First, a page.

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Machado, M. Maturity Models and Sustainable Indicators A new relationship. Encyclopedia. Available online: (accessed on 18 June 2024).
Machado M. Maturity Models and Sustainable Indicators A new relationship. Encyclopedia. Available at: Accessed June 18, 2024.
Machado, Marcia. "Maturity Models and Sustainable Indicators A new relationship" Encyclopedia, (accessed June 18, 2024).
Machado, M. (2021, December 17). Maturity Models and Sustainable Indicators A new relationship. In Encyclopedia.
Machado, Marcia. "Maturity Models and Sustainable Indicators A new relationship." Encyclopedia. Web. 17 December, 2021.
Maturity Models and Sustainable Indicators A new relationship

In this study, we investigate the relationship between the sustainability indicators proposed by the Global Reporting Initiative (GRI) and the goals defined by the Sustainable Development Goals (SDGs) with the COBIT maturity model. As a result, we obtained a set of 50 indicators covering four dimensions of sustainability. In the Environmental dimension 11 indicators were observed, in Economic 06 indicators were listed, in Social 14 indicators were listed, and in the Governance dimension there were 19 indicators converging between COBIT and GRI. These 50 indicators were validated through content analysis of sustainability reports from 9 IT companies worldwide. In this analysis, it was observed that the SDGs are incorporated in the strategic goals of 7 of the 9 companies analyzed.

governance indicators information technology maturity models software sustainability indicators

1. Introduction

In a competitive and highly connected world, technology companies play a key role as providers of solutions and services [1]. As a result of the restrictions imposed by the pandemic, these companies have seen their economic value increase, almost in proportion to the pressure from stakeholders and society for greater transparency in data management, ethics, and socioenvironmental responsibility [2].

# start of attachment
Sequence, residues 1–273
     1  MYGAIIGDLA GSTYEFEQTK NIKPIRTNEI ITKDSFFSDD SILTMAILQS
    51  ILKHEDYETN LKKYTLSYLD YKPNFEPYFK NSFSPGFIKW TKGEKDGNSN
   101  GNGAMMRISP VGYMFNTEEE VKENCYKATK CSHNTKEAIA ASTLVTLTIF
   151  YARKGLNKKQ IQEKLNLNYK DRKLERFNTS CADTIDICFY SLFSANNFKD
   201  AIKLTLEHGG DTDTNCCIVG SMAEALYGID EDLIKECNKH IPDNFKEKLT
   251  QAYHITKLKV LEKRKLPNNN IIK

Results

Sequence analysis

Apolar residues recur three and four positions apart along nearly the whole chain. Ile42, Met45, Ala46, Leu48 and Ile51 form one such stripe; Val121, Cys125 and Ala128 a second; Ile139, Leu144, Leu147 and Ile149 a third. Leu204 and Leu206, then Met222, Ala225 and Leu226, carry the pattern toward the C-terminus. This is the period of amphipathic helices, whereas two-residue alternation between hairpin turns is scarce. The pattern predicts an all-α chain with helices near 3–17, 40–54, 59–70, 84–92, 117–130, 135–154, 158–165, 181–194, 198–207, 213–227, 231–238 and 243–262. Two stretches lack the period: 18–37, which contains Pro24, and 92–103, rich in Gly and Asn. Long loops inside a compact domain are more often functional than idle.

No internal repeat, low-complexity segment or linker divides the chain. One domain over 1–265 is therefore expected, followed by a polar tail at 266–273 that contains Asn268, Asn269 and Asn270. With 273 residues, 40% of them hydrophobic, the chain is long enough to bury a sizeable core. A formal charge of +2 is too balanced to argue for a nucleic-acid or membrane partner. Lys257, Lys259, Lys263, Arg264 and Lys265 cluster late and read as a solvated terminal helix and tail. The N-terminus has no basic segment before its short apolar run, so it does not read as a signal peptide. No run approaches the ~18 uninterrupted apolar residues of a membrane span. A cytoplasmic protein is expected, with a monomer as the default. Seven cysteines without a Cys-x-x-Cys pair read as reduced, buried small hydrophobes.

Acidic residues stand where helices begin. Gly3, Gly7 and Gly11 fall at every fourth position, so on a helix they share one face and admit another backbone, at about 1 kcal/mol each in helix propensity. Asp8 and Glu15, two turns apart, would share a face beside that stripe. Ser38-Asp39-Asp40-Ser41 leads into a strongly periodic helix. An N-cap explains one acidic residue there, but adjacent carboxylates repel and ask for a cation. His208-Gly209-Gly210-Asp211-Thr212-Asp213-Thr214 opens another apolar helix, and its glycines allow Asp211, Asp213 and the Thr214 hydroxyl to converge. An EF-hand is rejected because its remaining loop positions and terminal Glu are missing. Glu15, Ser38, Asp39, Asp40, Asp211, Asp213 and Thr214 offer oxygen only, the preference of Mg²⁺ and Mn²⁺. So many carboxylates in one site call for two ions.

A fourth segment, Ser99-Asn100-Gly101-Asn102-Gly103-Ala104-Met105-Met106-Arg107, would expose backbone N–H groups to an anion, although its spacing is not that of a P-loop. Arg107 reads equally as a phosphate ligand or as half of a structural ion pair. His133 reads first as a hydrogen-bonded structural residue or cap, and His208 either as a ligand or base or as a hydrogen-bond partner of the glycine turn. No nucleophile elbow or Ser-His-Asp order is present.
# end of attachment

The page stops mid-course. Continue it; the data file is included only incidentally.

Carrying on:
To face these pressures, the adoption of strategic and operational management models aligned with sustainability, and the establishment of measurable goals through indicators that show the materiality of the operations, have become indispensable tools [3].
Indicators are generally implemented as a measure to assess a company in relation to the quality of its services and/or products, operational or financial performance, customer, employee, or stakeholder satisfaction, and are also used to assess the level of sustainability of a company, city, or country [4]. In the field of sustainability, several indicators have been proposed, but, according to [5], the set of variables used to compose these indicators, such as the Environmental Sustainability Index (ESI), Environmental Performance Index (EPI), Adjusted Net Economy (ANS), and the Ecological Footprint, present conflicting or contradictory results.
In view of this scenario, Agenda 21 was proposed, which reinforced the need to establish indicators that allow the sustainable development of the millennium to be assessed, giving rise to the Sustainable Development Goals (SDGs) which are presented as relevant, measurable, easily communicated, accessible indicators, and with a focus on results [6]. However, the metrics proposed in Agenda 21 do not always meet corporate objectives, generating the need for a new set of indicators that assess sustainability in companies.
In the software engineering environment, the steps to determine the metrics can be oriented towards product evaluation—product inspection and quality control; process—evolution of the life cycle and management of activities at the operational level and system management—guarantee of product quality and technical information [7][8][9]. Another mechanism adopted is the maturity model that supports the development and control of processes, the optimization of established procedures, and also an improvement in product quality and the management of related activities, promoting the best use of available resources [10].